Process or Candidate: The International Community and the Demand for Electoral Integrity
by Johannes Bubeck, University of Mannheim, and Nikolay Marinov, University of Mannheim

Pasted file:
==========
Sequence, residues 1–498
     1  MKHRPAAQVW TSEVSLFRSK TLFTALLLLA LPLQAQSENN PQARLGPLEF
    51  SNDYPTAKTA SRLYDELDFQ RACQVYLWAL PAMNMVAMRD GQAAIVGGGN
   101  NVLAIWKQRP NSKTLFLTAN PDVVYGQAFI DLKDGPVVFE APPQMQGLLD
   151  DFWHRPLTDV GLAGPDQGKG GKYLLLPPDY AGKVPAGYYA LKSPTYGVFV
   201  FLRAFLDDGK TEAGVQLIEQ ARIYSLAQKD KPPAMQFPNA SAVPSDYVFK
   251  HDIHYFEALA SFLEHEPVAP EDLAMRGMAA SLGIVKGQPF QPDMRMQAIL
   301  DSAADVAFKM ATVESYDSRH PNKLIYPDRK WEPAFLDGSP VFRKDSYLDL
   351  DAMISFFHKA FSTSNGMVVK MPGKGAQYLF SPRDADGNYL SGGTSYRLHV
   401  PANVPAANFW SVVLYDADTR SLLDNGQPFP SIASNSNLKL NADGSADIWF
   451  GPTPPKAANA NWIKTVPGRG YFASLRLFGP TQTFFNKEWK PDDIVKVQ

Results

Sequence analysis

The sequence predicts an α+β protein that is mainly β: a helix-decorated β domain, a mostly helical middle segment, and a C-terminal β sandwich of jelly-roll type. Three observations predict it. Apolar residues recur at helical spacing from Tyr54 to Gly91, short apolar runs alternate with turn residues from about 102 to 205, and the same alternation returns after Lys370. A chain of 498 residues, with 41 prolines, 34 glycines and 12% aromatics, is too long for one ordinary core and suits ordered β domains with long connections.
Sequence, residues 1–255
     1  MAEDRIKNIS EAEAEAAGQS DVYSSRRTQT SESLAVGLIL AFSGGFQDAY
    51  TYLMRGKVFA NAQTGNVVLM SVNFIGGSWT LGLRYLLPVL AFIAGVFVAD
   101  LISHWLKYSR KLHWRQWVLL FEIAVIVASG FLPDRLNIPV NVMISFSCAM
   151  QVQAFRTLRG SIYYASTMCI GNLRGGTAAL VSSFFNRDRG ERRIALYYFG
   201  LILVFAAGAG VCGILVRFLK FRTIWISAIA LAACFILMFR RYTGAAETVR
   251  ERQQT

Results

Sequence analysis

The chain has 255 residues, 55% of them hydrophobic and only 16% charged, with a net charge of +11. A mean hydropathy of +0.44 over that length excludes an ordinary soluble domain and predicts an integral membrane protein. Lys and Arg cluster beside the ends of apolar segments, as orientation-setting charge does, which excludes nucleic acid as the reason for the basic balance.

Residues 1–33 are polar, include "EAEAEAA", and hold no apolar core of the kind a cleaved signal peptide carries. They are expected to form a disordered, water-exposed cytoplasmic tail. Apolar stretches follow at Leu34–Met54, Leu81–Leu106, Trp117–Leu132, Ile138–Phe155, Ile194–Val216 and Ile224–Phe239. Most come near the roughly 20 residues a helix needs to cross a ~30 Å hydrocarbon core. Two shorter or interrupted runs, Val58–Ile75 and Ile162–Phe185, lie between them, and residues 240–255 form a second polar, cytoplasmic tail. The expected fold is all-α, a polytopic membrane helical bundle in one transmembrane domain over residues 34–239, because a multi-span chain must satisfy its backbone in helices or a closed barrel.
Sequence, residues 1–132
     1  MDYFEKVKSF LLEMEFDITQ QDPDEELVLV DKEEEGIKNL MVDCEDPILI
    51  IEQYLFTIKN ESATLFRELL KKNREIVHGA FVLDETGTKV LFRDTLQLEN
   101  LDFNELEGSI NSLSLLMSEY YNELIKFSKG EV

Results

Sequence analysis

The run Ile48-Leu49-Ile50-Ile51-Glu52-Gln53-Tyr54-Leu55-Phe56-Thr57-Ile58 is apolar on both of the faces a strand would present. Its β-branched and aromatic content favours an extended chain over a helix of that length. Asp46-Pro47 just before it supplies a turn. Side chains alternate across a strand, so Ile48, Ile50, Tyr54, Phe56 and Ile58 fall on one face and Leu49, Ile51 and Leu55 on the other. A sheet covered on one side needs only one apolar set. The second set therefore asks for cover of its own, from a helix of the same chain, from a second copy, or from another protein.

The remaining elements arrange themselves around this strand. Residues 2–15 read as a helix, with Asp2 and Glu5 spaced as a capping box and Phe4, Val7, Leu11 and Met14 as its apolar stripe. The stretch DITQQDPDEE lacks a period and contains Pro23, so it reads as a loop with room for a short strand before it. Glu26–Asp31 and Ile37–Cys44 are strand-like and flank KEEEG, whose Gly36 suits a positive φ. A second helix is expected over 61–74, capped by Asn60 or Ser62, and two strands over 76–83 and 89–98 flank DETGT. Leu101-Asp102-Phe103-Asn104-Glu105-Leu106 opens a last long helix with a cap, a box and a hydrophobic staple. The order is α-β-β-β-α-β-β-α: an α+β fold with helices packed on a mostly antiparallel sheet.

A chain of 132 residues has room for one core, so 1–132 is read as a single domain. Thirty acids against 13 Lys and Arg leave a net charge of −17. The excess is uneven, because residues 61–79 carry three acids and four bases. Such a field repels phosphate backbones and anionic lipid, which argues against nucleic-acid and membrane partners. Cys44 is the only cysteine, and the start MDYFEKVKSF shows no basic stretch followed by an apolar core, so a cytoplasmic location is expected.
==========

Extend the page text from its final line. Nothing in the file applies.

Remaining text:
Rumored Russian support for candidates in U.S. elections has a long history, exceeded only by the history of American interventions. New data shows such interventions are common in international affairs: one of three elections have them. Furthermore, while rooting for local allies, outsiders try to change the rules under which the local game of democracy is played. In a new paper in the APSR, Bubeck and Marinov from the University of Mannheim show why and when states support other candidates, and what that does to democracy. The authors argue that candidate and process interventions are often complements: investing in one furthers the payoff from the other. An extension outlines how local allies change their policy positions to suit a foreign sponsor. Such change is least likely when equally powerful states intervene on opposing sides in the domestic political game. These situations, termed ‘election wars’, can be worst for democracy and for the outside powers themselves.